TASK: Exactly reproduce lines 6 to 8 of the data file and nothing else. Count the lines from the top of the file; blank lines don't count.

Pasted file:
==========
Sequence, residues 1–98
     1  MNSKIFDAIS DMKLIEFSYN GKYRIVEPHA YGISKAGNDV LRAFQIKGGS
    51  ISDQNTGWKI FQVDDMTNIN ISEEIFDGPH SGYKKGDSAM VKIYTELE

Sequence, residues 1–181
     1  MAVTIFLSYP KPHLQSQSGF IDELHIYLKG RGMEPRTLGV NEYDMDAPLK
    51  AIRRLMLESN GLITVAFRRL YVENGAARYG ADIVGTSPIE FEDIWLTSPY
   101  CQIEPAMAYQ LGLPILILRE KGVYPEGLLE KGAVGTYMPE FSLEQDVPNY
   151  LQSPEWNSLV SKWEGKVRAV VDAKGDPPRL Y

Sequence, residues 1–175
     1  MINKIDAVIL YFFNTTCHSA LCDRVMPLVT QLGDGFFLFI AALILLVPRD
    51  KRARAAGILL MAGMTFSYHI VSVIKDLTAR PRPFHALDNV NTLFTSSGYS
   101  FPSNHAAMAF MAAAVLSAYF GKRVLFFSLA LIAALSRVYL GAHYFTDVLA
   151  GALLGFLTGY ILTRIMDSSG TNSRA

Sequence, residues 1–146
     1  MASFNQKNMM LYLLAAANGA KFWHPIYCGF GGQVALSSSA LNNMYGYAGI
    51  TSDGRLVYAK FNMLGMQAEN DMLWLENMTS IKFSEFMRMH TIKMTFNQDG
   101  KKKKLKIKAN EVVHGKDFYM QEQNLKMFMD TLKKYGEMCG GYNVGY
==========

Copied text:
    51  AIRRLMLESN GLITVAFRRL YVENGAARYG ADIVGTSPIE FEDIWLTSPY
   101  CQIEPAMAYQ LGLPILILRE KGVYPEGLLE KGAVGTYMPE FSLEQDVPNY
   151  LQSPEWNSLV SKWEGKVRAV VDAKGDPPRL Y